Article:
You may have heard that Pulitzer laureate Oscar Hijuelos passed away on Sunday at the age of 62. Hijuelos, who won the prize in 1990 for his novel The Mambo Kings Play Songs of Love, broke ground as the first Latino author to take home the prestigious award. On NPR, David Greene talks with Columbia professor Gustavo Perez Firmat about the author’s legacy. (Related: Thea Lim on people of color and American writing.)
“I have often thought that if I were ever a drag queen, and more specifically that if I were ever a drag queen who was a contestant on RuPaul’s Drag Race, I would play Virginia Woolf — or rather, Nicole Kidman as Virginia Woolf — in the Snatch Game episode when the contestants don their very best celebrity impersonation.” Untucking RuPaul’s Drag Race at The Los Angeles Review of Books.
Goucher College announced the creation of a new interdisciplinary minor this week. “Book Studies” will “explore the past, present, and future of the book,” according to the school’s administration. Regarding the “future of the book,” might we recommend our built-in syllabus?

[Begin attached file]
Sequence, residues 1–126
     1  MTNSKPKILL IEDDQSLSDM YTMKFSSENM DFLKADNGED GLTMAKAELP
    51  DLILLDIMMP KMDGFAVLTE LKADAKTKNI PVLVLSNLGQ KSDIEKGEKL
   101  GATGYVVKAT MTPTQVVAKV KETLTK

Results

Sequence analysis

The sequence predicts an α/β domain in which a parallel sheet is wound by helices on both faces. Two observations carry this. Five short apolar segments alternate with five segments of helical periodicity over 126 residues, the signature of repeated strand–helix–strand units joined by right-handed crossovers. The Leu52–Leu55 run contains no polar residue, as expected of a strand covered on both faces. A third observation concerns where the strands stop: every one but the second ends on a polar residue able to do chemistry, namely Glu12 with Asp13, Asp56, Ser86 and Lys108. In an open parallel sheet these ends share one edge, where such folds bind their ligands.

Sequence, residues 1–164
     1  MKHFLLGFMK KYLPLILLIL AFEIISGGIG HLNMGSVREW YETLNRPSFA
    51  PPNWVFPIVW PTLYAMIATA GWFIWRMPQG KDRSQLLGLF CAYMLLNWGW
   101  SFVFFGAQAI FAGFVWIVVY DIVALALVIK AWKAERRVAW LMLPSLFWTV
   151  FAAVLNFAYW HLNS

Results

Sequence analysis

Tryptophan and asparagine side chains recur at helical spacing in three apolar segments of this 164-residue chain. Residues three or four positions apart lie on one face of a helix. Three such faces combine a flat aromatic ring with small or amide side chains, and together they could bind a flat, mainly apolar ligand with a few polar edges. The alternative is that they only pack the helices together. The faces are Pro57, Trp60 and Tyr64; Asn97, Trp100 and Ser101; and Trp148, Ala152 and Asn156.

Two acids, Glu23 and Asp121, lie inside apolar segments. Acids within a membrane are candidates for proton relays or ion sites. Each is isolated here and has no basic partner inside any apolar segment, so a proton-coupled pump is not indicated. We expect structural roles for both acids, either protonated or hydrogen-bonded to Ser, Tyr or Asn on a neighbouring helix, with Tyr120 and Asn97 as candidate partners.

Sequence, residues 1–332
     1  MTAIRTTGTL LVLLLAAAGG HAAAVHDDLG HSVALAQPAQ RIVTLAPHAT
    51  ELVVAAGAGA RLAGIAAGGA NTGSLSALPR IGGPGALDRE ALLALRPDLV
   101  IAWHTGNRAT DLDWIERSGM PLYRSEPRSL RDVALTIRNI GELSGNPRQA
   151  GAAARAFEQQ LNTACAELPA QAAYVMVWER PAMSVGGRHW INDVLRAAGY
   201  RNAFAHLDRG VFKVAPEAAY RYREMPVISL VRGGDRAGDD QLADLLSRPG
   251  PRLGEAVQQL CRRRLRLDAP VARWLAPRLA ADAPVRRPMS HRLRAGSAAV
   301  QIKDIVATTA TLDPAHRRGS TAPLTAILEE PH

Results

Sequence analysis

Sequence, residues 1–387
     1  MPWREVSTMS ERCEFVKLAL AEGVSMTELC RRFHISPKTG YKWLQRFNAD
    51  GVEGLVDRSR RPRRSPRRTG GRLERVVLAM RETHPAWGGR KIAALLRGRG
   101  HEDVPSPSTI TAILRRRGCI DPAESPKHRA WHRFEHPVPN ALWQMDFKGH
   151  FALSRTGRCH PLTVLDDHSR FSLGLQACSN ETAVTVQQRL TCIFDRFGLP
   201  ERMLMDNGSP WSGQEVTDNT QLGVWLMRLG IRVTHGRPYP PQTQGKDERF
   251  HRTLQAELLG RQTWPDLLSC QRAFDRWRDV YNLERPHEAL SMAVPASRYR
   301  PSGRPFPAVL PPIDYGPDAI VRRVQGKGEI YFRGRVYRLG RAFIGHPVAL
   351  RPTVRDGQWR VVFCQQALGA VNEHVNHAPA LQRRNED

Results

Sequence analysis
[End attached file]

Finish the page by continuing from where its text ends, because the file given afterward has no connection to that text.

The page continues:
Paul Auster is still getting mileage out of a short story that appeared in the New York Times on Christmas day 1990. “Auggie Wren’s Christmas Story” was subsequently released as a limited edition book illustrated by Brian Cronin. The story became the inspiration for the films Smoke and Blue in the Face. Now, Henry Holt is releasing another edition of the story. This time the book is illustrated by an Argentinean artist named, cryptically, ISOL. Here’s the story if you want to read it.The London Review of Books is celebrating its 25th anniversary, and to mark the occasion, the Guardian sits down with LRB editor, Mary-Kay Wilmers.The CS Monitor continues to provide its capsule reviews of the National Book Award nominees. Here are the reviews for the young adult category.